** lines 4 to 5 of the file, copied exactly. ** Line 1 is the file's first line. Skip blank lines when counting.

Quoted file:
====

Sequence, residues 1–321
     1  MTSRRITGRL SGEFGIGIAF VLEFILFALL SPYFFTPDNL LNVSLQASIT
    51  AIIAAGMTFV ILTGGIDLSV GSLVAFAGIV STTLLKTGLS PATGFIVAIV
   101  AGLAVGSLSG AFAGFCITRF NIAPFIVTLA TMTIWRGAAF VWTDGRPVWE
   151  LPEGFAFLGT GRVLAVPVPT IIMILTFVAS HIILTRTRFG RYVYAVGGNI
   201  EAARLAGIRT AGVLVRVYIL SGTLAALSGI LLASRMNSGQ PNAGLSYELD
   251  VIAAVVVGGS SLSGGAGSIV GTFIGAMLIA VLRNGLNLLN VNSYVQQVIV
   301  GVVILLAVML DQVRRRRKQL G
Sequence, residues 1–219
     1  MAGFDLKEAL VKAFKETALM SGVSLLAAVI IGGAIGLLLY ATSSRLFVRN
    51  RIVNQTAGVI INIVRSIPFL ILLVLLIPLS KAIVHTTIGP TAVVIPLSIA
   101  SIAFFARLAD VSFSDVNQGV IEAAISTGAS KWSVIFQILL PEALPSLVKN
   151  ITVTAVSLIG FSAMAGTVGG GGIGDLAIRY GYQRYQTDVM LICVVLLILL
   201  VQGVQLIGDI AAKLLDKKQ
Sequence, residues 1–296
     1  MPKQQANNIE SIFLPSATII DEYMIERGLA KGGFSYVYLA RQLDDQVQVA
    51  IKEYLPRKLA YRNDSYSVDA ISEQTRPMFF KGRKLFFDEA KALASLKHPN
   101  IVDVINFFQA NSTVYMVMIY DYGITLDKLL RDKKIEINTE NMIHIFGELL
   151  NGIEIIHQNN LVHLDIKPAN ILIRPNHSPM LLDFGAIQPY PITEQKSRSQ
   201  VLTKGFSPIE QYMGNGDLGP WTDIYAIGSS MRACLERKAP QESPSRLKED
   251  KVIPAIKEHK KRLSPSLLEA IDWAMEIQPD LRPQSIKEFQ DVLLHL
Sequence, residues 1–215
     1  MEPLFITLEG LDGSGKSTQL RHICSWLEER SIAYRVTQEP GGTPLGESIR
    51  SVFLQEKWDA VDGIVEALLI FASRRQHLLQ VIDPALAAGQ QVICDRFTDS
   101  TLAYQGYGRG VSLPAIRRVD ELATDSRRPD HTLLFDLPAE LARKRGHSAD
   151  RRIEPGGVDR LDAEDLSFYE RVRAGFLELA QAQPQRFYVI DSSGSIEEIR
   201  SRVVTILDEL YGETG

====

   101  AGLAVGSLSG AFAGFCITRF NIAPFIVTLA TMTIWRGAAF VWTDGRPVWE
   151  LPEGFAFLGT GRVLAVPVPT IIMILTFVAS HIILTRTRFG RYVYAVGGNI